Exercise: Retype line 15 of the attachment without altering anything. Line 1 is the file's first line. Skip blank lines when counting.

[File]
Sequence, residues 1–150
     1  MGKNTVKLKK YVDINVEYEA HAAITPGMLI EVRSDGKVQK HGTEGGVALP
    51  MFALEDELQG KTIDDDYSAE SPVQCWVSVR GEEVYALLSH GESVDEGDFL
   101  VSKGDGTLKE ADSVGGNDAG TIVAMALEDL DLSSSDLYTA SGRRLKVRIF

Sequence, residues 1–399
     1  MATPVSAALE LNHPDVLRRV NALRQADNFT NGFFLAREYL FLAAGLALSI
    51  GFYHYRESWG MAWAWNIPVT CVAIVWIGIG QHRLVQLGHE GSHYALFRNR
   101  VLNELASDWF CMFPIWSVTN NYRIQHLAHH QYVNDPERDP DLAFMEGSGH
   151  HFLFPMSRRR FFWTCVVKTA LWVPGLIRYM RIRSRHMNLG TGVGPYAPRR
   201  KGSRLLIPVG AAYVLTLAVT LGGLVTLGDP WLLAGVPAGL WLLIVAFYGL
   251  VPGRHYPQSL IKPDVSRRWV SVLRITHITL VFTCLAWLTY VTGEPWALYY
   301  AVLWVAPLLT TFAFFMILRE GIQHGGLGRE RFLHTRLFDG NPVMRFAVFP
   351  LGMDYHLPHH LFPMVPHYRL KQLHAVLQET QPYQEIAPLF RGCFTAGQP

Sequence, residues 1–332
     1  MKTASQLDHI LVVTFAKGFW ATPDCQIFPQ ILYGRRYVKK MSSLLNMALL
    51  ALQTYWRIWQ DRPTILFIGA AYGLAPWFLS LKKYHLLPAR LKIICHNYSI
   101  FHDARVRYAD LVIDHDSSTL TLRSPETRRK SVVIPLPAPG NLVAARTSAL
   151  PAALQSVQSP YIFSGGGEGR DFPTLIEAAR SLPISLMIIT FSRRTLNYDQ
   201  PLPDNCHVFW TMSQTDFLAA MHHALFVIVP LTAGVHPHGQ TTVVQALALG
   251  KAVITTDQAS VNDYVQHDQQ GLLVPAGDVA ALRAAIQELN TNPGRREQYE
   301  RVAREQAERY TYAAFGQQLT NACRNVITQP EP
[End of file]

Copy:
     1  MKTASQLDHI LVVTFAKGFW ATPDCQIFPQ ILYGRRYVKK MSSLLNMALL